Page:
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Richard Millard (Office Manager)

What is a Netbook?

Written on July 16, 2010 by Richard Millard

 A customer called today, who had heard the term 'netbook' but didn't know what one was.  This seemed like a good chance to write a little primer about what a netbook is, and also what it isn't. 

The term 'netbook' is relatively recent, and used to describe a subclass of notebooks.  They're designed to be small, inexpensive and efficient, perfect for general web use, but not for heavy lifting.  There are several factors that make netbooks appealing--light weight, compact size, long battery life, low prices. These are good features, and the primary reasons I like my own netbook.  However, its utility is limited in scope.

The machine itself is fantastically lightweight; most of weight comes from the (relatively small) battery pack. Combined with the small physical size, this makes it very easy to just pick up and go. Battery life is easily 6 hours on a charge, maybe even longer depending on how you use it. 

I find it incredibly convenient for certain things. Maybe you're sitting on the couch watching a movie and want to look up some trivia, or figure out where you've seen that actor before. Stuck in a game and need to look up a FAQ? You've got a good quick way to satisfy that need. It fits the bill for e-mail, light web browsing, chat and music, and even offers some capacity for video playback.  It's nearly the perfect device for getting some work done on the road.

But a netbook's not a machine for full time, day-to-day use. Even on a model with a large and comfortable (by netbook standards) keyboard, typing for extended periods can be awkward and tiresome. On the more compact models it's a struggle at the best of times. With touchpad-click enabled it's all too easy to send the cursor to some random location on screen. The low screen resolution leads to a lot of scrolling on webpages, and the low power hardware that makes battery life so great limits performance. Anything beyond the most casual of gaming is out, and while YouTube works fine, the more intensive player on Hulu stutters.

To put the performance question into perspective, Daniel (our support lead), points out that the ATOM processor used in most of these netbooks has less processing power than an Intel Pentium M chip, which is a notebook processor that's about 3 generations old.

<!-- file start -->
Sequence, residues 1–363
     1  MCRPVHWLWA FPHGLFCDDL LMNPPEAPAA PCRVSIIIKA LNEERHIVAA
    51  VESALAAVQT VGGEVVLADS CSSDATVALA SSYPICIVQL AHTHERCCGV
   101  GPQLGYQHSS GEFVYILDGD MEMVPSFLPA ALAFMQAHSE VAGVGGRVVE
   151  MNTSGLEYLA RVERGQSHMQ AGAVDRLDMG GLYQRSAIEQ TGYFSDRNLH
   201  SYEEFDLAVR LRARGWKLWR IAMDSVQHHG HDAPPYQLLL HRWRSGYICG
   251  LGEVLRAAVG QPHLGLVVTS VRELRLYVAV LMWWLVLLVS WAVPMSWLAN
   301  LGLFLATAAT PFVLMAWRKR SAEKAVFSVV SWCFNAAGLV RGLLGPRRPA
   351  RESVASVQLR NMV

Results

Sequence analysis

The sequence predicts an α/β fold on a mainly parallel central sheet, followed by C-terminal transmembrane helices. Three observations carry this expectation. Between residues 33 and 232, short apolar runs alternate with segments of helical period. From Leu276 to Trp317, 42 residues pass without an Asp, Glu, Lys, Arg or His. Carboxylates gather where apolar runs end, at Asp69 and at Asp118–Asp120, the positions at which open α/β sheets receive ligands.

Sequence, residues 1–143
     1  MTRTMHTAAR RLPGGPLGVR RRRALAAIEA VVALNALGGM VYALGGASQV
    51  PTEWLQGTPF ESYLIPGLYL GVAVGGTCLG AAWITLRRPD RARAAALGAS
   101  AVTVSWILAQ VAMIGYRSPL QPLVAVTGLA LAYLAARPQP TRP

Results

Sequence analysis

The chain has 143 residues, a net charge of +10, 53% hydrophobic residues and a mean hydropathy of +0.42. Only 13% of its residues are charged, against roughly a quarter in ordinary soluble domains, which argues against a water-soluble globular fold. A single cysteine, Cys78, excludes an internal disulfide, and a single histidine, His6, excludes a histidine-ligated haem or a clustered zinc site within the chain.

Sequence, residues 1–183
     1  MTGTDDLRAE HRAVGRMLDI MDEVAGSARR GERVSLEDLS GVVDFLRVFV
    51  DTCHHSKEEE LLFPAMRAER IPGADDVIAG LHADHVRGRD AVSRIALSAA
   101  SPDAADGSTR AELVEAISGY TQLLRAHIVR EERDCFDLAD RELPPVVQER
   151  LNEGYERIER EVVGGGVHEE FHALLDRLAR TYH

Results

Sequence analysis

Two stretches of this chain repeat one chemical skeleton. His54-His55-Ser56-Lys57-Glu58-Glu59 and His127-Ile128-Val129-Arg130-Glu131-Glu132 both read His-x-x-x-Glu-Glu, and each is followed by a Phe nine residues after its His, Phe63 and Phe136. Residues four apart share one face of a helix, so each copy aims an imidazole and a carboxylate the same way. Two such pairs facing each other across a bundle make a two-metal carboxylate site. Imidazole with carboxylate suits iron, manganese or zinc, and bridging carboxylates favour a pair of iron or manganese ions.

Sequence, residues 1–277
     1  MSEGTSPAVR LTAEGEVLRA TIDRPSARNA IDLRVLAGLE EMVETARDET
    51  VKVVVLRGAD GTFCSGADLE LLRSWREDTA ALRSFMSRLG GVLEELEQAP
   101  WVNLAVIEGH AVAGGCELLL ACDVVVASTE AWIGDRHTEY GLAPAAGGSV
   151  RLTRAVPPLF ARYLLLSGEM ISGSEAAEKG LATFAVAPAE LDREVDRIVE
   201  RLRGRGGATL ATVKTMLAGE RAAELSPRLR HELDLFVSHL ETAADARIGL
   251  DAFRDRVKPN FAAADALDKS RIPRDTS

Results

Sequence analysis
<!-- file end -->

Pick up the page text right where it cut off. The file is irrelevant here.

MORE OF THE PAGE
Netbook Strengths Netbook Weaknesses
Lightweight & Compact Size Small Keyboard, Ergonomically unfriendly.
Long Battery Life Difficult to service, if a given part fails.
Inexpensive Low Performance
Great uses: Email, Web Browsing, YouTube, Word Processing, Listening to Music Unable to run: Hulu, Video Games, CPU intensive applications like Video Editing, Photoshop, etc.

I don't mean to scare away anyone who's considering purchasing a netbook. I think they're great little machines.  This post was even written on one!  There's a lot of great models out there, and they can make the perfect inexpensive compliment to a household or business that already has a powerful desktop.  But before you purchase, make sure you're aware of the limitations and put a comfortable keyboard high on your list of priorities!

Jerry Littlefield

I agree 100% with Mr. Millard. I've owned a netbook now for 2 years and use it primarily for genealogy research field trips. Using its 3 USB ports, I've also been able to run externals like a CD-ROM drive and scanner off the netbook battery without any power bricks or need for an outlet. Look for websites devoted to specific makes and models with forum user tips and white papers on options for maximizing their strengths and minimizing their weaknesses. I use the big desktop at home and thank Puget Systems for its performance! ;-)

Posted on 2010-07-17 03:40:19
Bob B

What about the new Atom chips D525 and D425, which support DDR3 memory? Can they support Hulu, Second Life and basic video editing?

Are you planning to update your Echo series with either of these new chips plus DDR3 memory?

Posted on 2010-07-17 19:31:05

I'm not sure about the new Atom chips as I haven't been able to test one yet. I'm not sure they're even available right now.

The new Atom chips would support the applications you mentioned, as would the Echo series we currently carry. That said, it's definitely not going to be as smooth an experience as with a normal desktop machine. For applications like Second Life, you're going to be better off with an older-generation Atom processor paired with the nVidia ION chipset. Intel's integrated video still has a long way to go if they want to compete with nVidia's graphics chipsets.

The Echo systems we sell have nVidia graphics which result in better system performance for most, if not all of your intended applications when compared to a system using Intel's integrated graphics.

Posted on 2010-07-19 20:39:55

etbooks are raelly compact notebooks, that are optimised for low-resource tasks like web browsing, email and word processing.

Posted on 2010-08-03 15:05:42

Netbooks are great as a business tool for those on the move but shouldn't be mistaken for Laptops, they lack the advantages of a laptop (missing DVD Rom etc) but make up for it in mobility. If your looking for something light and easy for business use but dont want to fork out for an ipad (NO USB PORTS!) then a netbook is just the tool.

Posted on 2010-08-04 08:50:05

I think netbook only for mobility and connectivity purpose.

Posted on 2010-12-01 07:37:20

์Planning to buy netbook the experience is not easy to decide to choose a name to match the demand.

Posted on 2011-06-23 08:00:16